Wednesday, December 6, 2023 - 1:44:34 AM - hari Back To Top (91791)
can you guide the azure database override process?

Thursday, February 27, 2020 - 3:29:12 PM - Mohammed Back To Top (84823)

hi Priya,

I had tried this before between SQL Server on Azure VM and a SQL managed instance and it worked.


Thursday, February 27, 2020 - 1:58:44 AM - Priya Back To Top (84817)

Is this process valid for a sql database managed instance also?

Wednesday, March 20, 2019 - 6:14:04 PM - Mohammed Back To Top (79354)

Thank you MJS

very useful information

Wednesday, March 20, 2019 - 10:22:46 AM - MJS Back To Top (79347)

Thank you for the detailed backup/restore solution. This solution involves creating a copy of the data and restoring that copy between the source and destination with the BAKPAC serving as a "container" for the data.

As a alternate solution, try this from the Azure Portal.

1) Create a new SQL Server (logical server) with no databases. Place the new SQL Server in the same subscription and resource group as the source database. This new SQL Server will serve as a "container" for transporting a backup copy of the source database.

2) From the source database, select the copy option and copy the database to the new SQL Server.

3) Move the new SQL Server into the same subscription and resource group as the destination database [the database to be overwritten by the restore].

4) From the new SQL Server, copy the database [just created in above step] into the destination SQL Server and destination resource group.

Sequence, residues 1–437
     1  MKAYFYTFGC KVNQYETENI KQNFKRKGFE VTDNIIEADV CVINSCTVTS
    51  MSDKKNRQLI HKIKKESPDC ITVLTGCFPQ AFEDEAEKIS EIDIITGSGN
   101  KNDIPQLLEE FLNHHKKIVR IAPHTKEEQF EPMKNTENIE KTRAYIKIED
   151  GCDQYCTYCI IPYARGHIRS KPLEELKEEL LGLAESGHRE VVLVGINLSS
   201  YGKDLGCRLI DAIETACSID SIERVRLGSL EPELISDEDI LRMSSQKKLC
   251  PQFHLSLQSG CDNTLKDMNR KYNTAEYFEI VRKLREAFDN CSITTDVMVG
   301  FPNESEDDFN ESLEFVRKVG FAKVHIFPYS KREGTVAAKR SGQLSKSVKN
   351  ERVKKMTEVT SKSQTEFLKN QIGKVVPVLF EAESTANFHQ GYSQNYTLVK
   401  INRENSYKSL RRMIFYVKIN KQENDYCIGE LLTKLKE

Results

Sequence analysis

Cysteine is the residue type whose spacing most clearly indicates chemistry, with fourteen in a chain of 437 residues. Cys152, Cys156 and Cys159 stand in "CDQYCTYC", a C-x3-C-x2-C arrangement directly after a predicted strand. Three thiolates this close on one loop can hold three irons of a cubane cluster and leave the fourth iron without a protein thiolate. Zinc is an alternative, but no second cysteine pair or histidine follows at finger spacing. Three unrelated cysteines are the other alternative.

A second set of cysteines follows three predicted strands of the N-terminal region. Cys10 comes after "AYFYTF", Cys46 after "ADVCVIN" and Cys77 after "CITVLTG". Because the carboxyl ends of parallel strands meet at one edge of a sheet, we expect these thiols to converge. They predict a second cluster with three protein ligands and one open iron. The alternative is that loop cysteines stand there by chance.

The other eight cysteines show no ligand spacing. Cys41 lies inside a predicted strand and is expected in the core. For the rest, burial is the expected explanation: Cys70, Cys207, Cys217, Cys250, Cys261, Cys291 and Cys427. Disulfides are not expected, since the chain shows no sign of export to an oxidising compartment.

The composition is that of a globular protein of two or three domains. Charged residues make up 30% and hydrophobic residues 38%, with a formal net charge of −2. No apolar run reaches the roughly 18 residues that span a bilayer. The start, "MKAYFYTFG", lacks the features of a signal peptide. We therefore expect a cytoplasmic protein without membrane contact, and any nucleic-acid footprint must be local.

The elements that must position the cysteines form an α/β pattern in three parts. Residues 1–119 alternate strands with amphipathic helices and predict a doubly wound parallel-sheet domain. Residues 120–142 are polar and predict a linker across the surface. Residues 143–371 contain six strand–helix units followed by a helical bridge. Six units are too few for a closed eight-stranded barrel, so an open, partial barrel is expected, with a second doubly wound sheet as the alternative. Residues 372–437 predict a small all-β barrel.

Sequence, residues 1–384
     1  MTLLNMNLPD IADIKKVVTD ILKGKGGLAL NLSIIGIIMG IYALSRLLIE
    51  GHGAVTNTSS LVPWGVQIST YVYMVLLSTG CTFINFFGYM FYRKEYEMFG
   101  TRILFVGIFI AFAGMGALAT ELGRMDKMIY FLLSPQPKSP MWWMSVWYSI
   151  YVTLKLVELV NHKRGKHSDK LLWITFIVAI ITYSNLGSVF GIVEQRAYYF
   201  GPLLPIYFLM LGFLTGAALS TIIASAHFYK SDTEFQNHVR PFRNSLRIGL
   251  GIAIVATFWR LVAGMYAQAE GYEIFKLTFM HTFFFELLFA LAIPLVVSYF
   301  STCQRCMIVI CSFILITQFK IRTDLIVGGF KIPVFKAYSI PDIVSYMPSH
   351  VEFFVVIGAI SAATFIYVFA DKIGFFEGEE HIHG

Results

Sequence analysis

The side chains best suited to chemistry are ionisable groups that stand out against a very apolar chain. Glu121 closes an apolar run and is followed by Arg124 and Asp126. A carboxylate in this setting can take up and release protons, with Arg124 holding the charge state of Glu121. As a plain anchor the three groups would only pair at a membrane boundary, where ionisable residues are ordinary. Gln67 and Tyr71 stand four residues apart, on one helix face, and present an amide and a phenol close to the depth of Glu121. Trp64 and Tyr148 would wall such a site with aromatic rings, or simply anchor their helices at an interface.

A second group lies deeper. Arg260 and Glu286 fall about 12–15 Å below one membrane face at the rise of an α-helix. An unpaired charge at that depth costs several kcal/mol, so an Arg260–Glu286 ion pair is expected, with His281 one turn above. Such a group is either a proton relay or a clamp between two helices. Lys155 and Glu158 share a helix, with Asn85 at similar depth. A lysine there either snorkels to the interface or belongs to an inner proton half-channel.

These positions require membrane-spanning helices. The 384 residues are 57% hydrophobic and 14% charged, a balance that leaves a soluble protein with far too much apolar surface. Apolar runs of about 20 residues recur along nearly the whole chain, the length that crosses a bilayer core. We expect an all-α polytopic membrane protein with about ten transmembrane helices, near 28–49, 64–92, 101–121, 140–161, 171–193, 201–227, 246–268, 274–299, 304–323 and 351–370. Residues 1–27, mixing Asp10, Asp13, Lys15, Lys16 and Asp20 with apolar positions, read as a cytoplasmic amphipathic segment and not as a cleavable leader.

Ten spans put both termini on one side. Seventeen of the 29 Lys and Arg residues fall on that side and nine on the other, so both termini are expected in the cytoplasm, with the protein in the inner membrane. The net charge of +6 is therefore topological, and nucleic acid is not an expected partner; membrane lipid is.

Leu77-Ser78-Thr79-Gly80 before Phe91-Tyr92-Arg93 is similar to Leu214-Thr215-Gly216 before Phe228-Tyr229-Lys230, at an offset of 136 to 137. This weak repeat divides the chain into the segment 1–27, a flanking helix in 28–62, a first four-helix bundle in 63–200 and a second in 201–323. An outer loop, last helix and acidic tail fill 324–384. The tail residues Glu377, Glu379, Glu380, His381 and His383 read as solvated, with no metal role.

5) Rename or delete the destination database that is being restored from the source database.

6) Rename the database just restored into the destination SQL Server giving it the original name of the database to be refreshed.

7) Delete the database in the new SQL Server or use it again to refresh other lower environments.

Keep the new SQL Server around for future transport of the same or other databases. An empty SQL Server logical server with no databases has no cost in Azure.

I cannot take credit for the above solution. It was provided by a very clever Microsoft employee. Thank you

Thursday, January 24, 2019 - 5:21:03 AM - Mohammed Back To Top (78863)


Thanks, I haven't tried it out, I will check when I can. Thanks.

Wednesday, January 23, 2019 - 1:53:43 PM - Abdiel Back To Top (78856)

thanks for this helpful post. Can you please share how we can do the same with Azure SQL Data Warhouse, refresh UAT from Prod?

Thanks a lot

Thursday, January 17, 2019 - 1:02:19 PM - Mohammed Back To Top (78804)

Good question Danny, export process will not be consistent if there are transactions happenning.

Please refer this link:

"For an export to be transactionally consistent, you must ensure either that no write activity is occurring during the export, or that you are exporting from a transactionally consistent copy of your Azure SQL database."

Thursday, January 17, 2019 - 9:12:34 AM - Danny Hodgson Back To Top (78798)

 Can the DB have transactions happening during the export process?

Wednesday, April 11, 2018 - 3:35:58 PM - Mohammed Back To Top (75677)

Just see if this helps?

Wednesday, April 11, 2018 - 11:43:05 AM - Andres Castrillo Back To Top (75675)

I'm having this error:


Could not import package Unable to connect to master or target server You must have a user with the same password in master or target server